The Current

Why the soaring cost of vanilla could put your favourite ice cream flavour off the menu

Taking the kids for ice cream this holiday weekend? Soaring prices in the vanilla bean market are having an impact on ice cream mixtures — and a lot of other products too.

2017 cyclone has contributed to soaring costs of popular and ubiquitous flavouring

Versace, a French bulldog, takes a break from his ice cream at the beach on Key Biscayne, Fla., on May 2, 2017. Vanilla is sold as a flavour in its own right, but also used as a base for other flavours. (Patrick Farrell/Miami Herald, Associated Press)

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How much is a humble vanilla bean worth? More than silver, actually.

When Billy Friley started his ice cream business in 2012, he was paying $50 a gallon for the flavouring. But as prices have skyrocketed in recent years, he's become one of many business owners re-evaluating whether they can afford it.

"Now the quotes I'm getting are around $550 US a gallon," said Friley, who is the owner of Village Ice Cream in Calgary. "With shipping and the weak Canadian dollar, that rounds up to about $800 Canadian."

Vanilla is sold as its own flavour, but it's also used as a base for many others. Friley said that if prices continue to increase, it may be removed from the menu.

Prices have soared for a number of reasons, including a 2017 cyclone in Madagascar that damaged about 30 per cent of the island's crop. Pound-for-pound, it now costs more than silver, and is the second most expensive flavouring in the world; only saffron costs more.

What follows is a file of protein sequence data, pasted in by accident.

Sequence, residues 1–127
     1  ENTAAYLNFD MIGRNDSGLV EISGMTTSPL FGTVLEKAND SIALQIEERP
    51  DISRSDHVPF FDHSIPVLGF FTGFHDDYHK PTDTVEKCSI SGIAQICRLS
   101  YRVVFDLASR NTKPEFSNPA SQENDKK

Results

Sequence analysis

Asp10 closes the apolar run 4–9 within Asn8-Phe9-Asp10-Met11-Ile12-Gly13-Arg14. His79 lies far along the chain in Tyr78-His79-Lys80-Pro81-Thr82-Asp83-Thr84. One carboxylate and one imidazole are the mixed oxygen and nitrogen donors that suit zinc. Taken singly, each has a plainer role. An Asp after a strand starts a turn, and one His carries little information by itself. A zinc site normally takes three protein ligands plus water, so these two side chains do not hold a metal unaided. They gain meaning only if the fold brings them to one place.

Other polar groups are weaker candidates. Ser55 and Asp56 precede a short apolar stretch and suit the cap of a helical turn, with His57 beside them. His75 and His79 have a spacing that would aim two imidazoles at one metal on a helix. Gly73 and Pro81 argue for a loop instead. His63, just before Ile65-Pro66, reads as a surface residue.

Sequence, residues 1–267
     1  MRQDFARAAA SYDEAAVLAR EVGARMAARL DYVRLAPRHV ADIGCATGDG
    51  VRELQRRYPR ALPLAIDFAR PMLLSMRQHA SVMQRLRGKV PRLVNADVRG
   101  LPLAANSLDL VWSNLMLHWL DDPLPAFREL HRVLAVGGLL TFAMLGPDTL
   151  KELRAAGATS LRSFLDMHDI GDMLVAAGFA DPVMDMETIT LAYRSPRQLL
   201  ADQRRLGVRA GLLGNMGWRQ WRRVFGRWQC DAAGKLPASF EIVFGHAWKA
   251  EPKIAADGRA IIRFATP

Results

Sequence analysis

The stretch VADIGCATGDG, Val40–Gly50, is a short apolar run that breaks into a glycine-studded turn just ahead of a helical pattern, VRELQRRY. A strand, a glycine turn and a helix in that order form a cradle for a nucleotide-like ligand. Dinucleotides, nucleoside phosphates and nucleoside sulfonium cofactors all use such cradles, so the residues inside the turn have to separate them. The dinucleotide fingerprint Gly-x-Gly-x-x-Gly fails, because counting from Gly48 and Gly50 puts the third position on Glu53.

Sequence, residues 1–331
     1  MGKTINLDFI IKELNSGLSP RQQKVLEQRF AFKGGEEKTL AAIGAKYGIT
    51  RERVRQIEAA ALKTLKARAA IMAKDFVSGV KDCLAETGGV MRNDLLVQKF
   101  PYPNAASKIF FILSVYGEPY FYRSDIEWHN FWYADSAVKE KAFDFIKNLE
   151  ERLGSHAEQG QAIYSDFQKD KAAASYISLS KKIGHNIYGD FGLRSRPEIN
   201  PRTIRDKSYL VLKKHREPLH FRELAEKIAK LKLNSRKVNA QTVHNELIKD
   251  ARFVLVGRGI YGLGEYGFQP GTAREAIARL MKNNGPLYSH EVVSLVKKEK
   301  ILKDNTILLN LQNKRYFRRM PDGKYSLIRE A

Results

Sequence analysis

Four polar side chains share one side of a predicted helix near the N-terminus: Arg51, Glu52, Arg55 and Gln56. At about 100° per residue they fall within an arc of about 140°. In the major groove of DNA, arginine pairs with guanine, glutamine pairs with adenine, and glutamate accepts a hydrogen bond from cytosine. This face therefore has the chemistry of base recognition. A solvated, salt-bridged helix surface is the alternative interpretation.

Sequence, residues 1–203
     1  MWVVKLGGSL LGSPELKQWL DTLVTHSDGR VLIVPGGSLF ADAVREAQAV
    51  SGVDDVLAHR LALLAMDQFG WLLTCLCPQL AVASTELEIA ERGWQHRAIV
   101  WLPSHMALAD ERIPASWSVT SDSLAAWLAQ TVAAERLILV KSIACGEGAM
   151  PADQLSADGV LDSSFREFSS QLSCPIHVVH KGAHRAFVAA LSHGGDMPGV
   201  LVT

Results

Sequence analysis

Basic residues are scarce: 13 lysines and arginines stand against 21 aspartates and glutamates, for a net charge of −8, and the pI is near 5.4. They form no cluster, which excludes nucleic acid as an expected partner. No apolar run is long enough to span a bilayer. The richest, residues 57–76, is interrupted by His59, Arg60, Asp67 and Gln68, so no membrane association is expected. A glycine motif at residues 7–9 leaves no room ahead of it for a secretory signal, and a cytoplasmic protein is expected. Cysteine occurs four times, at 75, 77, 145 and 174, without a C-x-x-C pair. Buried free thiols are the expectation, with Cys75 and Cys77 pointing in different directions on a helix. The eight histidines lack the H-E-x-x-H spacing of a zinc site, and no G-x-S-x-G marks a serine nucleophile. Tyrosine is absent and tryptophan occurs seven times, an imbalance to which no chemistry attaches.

Demand for vanilla has been rising every year steadily, driving up prices. (Shutterstock/Suto Norbert Zsol)

A versatile and popular ingredient

"Vanilla is a crop that takes about three years to come to harvest from the moment you start planting it, unlike other crops, so there is a bit of a lag," said David van der Walde, the director of Aust & Hachmann. His Montreal-based company imports most of its beans from Madagsascar, where 80 per cent of the world's vanilla crop is grown.

"Demand for vanilla has been rising every year steadily, quite a bit in the last few years, and eventually the demand exceeds the supply and prices start to rise," he told The Current's guest host Laura Lynch.

"You often have speculation and rampant buying that takes place while the price is going up."

Green vanilla pods, on the vine. Eighty per cent of the world's vanilla crop comes from Madagascar. (Submitted by David Vanderwalde )

Van der Walde said people might be surprised at how many products contain vanilla.

"Vanilla is in a lot of things: chocolate products, all kinds of confectionery products, perfumes, alcoholic beverages," he said.

"It's used in tobacco products, it's even used in cleaning compounds to soften the chemical smells when prices are more reasonable.

"It is by far the most popular flavour, and fragrance, globally speaking."

Vanilla pods drying in the sun. The flavouring is used in everything from perfume to cleaning products. (Submitted by David Vanderwalde )

Effect on farmers

In Madagascar, the rising prices are having a mixed effect, according to Joey Moscovitch, who runs the JHA Fund, an NGO that helps communities in the country.

"People don't really know what to do with a lot of money here," she said, "and if they're making a quick buck they tend to spend it as quick as they make it."

Moscovitch also said the soaring cost of vanilla is leading to a dangerous situation for the farmers who grow the valuable crop, often in isolated areas.

"It's almost a  lawless country ... especially out here in the bush where there's no real police," she said.

Listen to the full conversation at the top of this page.

Written by Michael O'Halloran. This segment was produced by Vancouver Network producer Anne Penman and Calgary Network producer Michael O'Halloran.